Speaking today, July 11, at an international conference in Batumi, President of the European Council Donald Tusk came out with yet another anti-Russia attack. He tried to distort the meaning of the well-known statement by Russian President Vladimir Putin that the collapse of the Soviet Union was the 20th century’s biggest geopolitical catastrophe. I would like to remind Mr Tusk that, as the Russian President has stressed a number of times, the disintegration of the Soviet Union led to countless human tragedies where millions of our compatriots and fellow citizens within a moment found themselves abroad, families and peoples became separated. This is in reference, in particular, to Russian-speaking residents of the Baltic republics. The fact that these countries, which have been EU members since 2004, continue to violate their rights and pursue outrageous acts of discrimination on ethnic grounds, in all probability, does not seem to upset Mr Tusk. He should turn his statements towards that rather than throw another Russophobic fit.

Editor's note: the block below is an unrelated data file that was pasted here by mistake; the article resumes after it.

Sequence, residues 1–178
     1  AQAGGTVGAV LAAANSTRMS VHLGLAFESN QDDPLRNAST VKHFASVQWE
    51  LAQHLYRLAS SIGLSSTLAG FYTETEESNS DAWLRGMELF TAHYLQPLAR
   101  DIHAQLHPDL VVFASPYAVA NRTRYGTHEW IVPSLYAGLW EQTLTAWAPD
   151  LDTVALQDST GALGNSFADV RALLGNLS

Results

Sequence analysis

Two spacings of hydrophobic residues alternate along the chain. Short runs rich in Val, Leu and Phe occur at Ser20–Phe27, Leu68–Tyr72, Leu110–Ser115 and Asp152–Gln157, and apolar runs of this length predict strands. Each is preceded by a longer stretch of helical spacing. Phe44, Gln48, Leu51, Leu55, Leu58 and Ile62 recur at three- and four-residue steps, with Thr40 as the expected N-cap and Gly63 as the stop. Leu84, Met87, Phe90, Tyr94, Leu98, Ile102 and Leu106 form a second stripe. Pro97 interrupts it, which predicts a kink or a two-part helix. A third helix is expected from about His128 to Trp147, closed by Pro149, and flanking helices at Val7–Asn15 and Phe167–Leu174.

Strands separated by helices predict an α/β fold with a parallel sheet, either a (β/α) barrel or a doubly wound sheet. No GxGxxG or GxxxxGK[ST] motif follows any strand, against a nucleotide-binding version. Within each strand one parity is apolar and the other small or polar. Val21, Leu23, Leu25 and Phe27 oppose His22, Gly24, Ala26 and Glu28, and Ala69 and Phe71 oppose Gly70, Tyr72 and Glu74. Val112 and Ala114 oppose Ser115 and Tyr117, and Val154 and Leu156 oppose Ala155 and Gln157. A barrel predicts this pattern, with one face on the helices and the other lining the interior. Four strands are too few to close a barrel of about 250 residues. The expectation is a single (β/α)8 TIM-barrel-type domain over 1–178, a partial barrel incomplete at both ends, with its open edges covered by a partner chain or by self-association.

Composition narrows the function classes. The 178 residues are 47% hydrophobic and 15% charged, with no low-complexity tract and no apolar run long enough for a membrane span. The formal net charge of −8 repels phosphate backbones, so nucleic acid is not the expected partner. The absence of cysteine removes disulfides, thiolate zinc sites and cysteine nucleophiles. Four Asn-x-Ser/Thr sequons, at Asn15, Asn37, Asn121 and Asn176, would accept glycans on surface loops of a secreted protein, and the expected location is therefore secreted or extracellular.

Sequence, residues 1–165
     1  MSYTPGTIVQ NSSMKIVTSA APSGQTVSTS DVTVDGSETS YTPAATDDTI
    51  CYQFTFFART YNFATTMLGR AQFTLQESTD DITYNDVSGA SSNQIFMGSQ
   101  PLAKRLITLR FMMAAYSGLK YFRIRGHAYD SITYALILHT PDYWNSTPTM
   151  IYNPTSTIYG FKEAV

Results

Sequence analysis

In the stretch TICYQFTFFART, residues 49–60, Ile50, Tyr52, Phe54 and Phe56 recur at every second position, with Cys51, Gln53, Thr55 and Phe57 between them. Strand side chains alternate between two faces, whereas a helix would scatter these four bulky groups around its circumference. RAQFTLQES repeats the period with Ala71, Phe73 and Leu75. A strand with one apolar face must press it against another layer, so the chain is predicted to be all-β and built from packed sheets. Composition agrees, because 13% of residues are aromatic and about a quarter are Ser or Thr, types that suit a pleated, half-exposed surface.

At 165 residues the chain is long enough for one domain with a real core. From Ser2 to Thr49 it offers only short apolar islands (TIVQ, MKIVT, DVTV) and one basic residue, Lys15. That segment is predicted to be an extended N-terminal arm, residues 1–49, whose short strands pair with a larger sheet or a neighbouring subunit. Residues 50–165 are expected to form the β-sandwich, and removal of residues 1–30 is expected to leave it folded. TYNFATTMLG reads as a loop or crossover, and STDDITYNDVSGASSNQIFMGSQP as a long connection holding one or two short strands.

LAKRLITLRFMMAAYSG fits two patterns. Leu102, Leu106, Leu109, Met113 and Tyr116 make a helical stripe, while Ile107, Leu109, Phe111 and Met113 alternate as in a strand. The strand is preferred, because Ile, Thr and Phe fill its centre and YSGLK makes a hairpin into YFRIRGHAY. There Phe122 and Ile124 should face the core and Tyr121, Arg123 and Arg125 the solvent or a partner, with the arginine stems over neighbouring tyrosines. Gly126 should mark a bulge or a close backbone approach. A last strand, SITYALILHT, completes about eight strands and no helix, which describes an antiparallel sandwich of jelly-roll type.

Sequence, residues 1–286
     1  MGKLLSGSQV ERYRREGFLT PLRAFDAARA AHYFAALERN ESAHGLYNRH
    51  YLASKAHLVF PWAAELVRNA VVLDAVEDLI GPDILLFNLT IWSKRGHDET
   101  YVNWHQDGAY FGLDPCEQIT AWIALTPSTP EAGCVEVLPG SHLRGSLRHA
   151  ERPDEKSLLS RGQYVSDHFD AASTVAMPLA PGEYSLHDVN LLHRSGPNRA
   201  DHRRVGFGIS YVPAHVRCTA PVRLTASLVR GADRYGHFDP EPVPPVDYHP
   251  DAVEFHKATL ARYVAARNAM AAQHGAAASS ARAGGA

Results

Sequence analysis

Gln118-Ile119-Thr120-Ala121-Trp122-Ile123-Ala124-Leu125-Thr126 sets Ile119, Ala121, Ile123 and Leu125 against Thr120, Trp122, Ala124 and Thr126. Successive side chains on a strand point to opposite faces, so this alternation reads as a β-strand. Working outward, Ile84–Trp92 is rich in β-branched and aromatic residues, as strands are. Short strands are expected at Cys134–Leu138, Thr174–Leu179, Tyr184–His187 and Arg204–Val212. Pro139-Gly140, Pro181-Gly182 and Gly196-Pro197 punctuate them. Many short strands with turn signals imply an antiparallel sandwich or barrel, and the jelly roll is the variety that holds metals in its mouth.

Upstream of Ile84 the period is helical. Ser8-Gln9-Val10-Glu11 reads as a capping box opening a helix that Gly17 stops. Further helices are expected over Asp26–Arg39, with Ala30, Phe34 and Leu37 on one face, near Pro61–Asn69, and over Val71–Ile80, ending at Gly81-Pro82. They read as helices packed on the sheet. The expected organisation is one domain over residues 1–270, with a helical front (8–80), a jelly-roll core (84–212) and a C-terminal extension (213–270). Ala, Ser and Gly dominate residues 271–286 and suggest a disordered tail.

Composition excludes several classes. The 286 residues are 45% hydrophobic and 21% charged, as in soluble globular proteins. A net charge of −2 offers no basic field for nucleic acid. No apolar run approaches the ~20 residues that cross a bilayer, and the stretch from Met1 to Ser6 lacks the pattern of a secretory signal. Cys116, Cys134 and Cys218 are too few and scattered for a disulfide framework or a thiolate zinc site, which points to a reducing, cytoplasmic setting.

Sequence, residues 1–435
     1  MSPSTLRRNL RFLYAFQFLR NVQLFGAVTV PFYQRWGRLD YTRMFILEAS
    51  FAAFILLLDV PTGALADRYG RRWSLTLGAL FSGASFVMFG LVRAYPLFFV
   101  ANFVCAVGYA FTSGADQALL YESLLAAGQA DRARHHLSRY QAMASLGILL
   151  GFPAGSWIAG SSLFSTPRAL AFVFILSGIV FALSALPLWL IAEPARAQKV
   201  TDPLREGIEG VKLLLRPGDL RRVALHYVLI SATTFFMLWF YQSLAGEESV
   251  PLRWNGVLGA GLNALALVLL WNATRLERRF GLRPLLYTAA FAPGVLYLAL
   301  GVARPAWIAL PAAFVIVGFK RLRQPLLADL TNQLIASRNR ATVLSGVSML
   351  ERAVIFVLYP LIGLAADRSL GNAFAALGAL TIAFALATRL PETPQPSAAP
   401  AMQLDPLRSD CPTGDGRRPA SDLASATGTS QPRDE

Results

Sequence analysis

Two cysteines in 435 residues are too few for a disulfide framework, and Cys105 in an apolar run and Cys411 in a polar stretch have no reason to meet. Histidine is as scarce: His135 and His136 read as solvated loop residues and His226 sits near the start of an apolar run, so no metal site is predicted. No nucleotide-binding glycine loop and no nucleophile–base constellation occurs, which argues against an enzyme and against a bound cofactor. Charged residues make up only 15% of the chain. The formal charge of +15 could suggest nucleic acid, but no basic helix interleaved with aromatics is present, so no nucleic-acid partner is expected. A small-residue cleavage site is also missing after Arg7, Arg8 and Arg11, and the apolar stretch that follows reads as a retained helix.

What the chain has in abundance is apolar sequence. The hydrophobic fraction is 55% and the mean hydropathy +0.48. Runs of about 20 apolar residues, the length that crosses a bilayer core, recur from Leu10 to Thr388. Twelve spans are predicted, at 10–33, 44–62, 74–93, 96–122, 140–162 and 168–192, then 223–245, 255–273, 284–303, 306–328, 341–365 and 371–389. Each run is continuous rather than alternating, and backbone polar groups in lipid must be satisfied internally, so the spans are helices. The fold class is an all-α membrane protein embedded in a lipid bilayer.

Also, it appears that the outgoing President of the European Council (let me remind you that this is due on November 30) lacks direct communication with the Russian side. This is not the first time where he has launched a distant argument with the Russian President. This happens with others, too. A one-sided dialogue is a new form of conversation. In this respect I would like to recall that it was the EU that took the decision to freeze the main interaction formats with our country, including the Russia – EU summits. Perhaps, Mr Tusk should ponder this instead of trying to play on historical themes, which he does clumsily and even awkwardly. He still has some time in his current position to try to rectify the unhappy situation in Russia – EU relations, which was not provoked by Russia.